Attested: Galacum on iter 10 of the Antonine Itinerary. Probably the same as Ptolemy 2,3,16 Καλατον, but not the Cosmography's Caluvio or Galluvio.
Where: The Roman fort at Burrow-in-Lonsdale (Smith, 1997) at SD61527584 has generally been suggested, but that puts a messy backtrack into the route, which would be much straighter if Galacum was somewhere near Fleetwood and the Wyre estuary, possibly at Thornton, SD354418.
Name Origin: Initial Gal- appears to have contributed to at least three ancient names in this area and might derive from many PIE roots. Here are 3 possibilities:
1. Celticists point to Irish gal ‘warlike ardour’, said to come from PIE *gal- ‘to be able’.
2. Similar logic could point to Danish gal ‘mad, angry’, from PIE cal- ‘to call’.
3. Germanic *walhaz ‘foreigner’led to modern Wales, Walloon, Wallachia, etc, allegedly from a word for wolf, then some tribes called Volcae, then Latin Gallia ‘Gaul’, but it is hard to know who called whom foreigners, and when, as one can see from modern Galloway and Galway. In later Irish Gall meant a foreign invader, so that Dubhgaill and Finngaill were Scandinavians, while Comgalls near the Firth of Forth were probably Frisians.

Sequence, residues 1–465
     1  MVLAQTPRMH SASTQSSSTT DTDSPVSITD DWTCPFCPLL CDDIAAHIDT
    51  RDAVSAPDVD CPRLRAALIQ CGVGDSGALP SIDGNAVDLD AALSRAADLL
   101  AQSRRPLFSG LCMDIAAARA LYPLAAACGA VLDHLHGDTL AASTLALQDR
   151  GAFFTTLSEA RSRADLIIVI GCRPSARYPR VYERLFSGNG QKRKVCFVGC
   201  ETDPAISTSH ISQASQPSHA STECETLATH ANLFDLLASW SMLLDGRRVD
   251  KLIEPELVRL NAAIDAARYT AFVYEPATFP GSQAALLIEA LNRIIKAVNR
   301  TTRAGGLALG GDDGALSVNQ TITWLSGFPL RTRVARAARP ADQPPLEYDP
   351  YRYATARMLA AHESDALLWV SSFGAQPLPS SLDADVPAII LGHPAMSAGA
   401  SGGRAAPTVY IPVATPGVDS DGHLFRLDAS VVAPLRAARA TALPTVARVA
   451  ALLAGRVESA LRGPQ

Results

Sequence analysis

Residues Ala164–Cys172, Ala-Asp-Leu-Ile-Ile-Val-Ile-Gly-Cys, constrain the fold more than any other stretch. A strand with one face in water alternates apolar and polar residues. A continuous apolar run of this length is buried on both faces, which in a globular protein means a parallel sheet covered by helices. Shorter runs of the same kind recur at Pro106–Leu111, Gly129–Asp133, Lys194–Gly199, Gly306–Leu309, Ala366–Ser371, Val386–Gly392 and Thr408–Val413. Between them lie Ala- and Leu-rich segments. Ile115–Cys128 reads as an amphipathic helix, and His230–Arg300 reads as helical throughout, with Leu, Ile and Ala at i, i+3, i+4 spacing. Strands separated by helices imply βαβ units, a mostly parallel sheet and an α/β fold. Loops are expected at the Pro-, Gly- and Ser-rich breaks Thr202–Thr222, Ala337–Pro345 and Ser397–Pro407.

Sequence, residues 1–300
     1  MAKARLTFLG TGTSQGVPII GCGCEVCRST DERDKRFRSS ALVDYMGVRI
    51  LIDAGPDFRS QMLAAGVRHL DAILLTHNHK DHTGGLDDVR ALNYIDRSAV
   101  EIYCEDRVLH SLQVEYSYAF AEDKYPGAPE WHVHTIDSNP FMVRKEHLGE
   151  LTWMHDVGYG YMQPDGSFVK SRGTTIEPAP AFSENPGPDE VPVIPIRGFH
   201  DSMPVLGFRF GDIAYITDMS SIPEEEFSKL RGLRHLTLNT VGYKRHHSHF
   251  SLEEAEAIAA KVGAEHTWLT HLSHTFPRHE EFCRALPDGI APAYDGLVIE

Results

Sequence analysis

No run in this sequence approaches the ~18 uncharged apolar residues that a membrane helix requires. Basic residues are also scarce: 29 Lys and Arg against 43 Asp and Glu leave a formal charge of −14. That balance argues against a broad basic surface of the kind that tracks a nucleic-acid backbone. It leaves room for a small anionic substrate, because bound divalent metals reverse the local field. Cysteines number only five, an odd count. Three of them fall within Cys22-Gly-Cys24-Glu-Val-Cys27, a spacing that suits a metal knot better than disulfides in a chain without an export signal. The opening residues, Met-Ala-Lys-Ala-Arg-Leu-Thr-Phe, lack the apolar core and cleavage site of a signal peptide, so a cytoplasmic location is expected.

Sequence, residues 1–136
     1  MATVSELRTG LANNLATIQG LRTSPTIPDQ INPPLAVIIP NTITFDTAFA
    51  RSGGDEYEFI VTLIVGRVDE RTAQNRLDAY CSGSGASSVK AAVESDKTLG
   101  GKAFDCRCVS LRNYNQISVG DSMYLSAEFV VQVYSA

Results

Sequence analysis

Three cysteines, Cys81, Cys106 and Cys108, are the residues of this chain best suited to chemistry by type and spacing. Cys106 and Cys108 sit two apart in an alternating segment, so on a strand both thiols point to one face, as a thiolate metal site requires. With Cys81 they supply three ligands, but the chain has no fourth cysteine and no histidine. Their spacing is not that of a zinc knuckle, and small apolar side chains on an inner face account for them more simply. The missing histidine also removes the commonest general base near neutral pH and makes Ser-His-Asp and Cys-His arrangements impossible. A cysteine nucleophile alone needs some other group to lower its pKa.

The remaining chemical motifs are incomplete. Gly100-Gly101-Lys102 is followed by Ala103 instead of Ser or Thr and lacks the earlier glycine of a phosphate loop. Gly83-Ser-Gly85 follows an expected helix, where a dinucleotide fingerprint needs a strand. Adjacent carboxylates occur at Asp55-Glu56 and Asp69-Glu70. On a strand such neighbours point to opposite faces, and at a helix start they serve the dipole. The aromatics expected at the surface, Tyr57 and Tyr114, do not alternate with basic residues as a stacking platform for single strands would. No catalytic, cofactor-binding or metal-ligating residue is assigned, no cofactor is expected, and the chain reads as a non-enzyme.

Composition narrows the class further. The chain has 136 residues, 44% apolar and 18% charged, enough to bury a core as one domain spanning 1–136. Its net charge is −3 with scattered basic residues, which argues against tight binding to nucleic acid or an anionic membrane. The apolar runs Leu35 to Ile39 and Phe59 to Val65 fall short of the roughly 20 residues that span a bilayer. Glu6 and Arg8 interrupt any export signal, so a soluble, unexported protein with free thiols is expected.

4. Alternatively, and not suggesting that this essentially meant ‘Gaelic’, PIE *ghel- ‘to shine’ might refer either to the yellowish-white sands of Morecambe Bay or to the slightly amber tinge of water in an area of iron mining and smelting, as discussed for Galava.
The -acum part was a pan-European adjectival suffix, equivalent to English -ic, which showed up, for example, at Eburacum, York.
Notes: The location at Lancaster Roman fort first suggested by Shotter (1998) no longer seems best (even though it was previously accepted here). The Itinerary's figure of 27 miles from Bremetonnaci to Galacum reasonably matches the 29 Roman miles from Ribchester to Burrow along the road traced by David Ratledge, but it would be more logical if the Itinerary travelled to Lancaster by a straighter route closer to the coast The name of Morecambe Bay is recent, due to misunderstanding of Ptolemy.
You may copy this text freely, provided you acknowledge its source as www.romaneranames.uk, recognise that it is liable to human error, and try to offer suggestions for improvement.
Last edited 22 September 2022 To main Menu